The Chinese yuan was fixed at its lowest level in 6 years.
The People’s Bank of China fixed the yuan at 6.7885, its weakest since September 2010, amid worries President-elect Donald Trump could name China as a currency manipulator, according to Bloomberg.
At one point during his campaigning, Trump even suggested putting a 45% tariff on Chinese imports.
Separately, China removed its reformist finance minister earlier this week.
“Lou Jiwei’s abrupt ouster sends a strong signal that any prospects of even limited economic reforms are falling prey to President Xi’s focus on consolidating his power,” Eswar Prasad, a Cornell University professor and former China head of the International Monetary Fund, to the Wall Street Journal.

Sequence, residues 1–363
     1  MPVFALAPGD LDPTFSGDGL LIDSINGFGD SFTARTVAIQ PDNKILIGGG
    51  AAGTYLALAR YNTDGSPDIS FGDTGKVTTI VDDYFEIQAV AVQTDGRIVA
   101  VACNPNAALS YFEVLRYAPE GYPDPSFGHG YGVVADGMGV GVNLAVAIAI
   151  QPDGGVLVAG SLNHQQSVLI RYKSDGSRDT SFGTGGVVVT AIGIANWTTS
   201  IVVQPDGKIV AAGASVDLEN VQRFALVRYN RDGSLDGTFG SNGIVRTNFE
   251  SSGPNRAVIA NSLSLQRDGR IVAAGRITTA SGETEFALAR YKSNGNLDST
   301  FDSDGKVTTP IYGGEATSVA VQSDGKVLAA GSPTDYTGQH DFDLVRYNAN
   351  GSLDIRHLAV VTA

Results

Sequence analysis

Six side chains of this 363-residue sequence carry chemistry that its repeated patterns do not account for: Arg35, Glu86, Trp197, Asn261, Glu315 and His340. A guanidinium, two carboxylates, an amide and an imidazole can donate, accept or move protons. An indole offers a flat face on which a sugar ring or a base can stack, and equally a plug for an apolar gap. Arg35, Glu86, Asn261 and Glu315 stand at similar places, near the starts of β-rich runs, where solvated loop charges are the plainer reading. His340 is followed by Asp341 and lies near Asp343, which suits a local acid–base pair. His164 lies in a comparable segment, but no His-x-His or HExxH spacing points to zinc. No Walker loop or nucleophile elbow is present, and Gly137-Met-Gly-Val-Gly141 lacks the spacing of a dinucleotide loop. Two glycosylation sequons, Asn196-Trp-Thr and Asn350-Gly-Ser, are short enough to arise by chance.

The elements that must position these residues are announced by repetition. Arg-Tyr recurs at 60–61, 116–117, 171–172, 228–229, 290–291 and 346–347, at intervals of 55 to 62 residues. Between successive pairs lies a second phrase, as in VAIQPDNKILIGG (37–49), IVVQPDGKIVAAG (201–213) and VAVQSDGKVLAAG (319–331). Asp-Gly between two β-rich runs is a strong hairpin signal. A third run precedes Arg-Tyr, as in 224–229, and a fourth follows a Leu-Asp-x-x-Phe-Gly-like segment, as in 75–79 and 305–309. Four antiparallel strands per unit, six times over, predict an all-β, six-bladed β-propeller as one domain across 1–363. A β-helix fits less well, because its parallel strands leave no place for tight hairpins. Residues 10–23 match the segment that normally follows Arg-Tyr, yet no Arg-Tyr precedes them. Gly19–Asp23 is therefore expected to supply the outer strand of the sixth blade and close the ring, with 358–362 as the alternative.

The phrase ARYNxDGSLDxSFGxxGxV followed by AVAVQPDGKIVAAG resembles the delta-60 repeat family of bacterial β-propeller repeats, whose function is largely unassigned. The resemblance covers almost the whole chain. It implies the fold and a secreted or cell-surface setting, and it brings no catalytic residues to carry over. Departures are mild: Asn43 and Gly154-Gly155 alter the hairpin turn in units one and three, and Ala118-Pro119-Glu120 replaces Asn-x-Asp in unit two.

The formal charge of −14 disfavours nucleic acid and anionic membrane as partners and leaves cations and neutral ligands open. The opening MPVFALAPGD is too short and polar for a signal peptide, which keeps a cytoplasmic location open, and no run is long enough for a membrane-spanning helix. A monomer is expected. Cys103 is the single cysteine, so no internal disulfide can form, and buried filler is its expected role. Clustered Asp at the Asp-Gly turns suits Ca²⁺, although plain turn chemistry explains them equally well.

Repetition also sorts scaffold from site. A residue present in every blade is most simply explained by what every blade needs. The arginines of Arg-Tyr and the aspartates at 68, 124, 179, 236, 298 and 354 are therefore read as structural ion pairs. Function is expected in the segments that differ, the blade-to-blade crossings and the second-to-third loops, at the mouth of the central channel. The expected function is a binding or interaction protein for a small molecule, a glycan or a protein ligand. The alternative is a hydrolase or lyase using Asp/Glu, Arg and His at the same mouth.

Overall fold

As for the rest of the world, here’s the scoreboard as of 8:00 a.m. ET:
- The US dollar index is up by 0.4% at 98.92. “The US dollar is mostly higher as the larger interest rate premium gives the greenback traction. Investors remain confident of a Fed hike next month,” wrote Marc Chandler, the global head of currency strategy at Brown Brothers Harriman.
- The New Zealand dollar, or the kiwi, is down by 0.3% at 0.7258 per US dollar after the Reserve Bank of New Zealand cut rates 25 basis points to a record low of 1.75% amid weak inflationary pressures.
- The Japanese yen is down by 1% at 106.77 per dollar, and at it weakest level since July.
- The Mexican peso is down by 2% at 20.2638 per dollar, a fresh record low.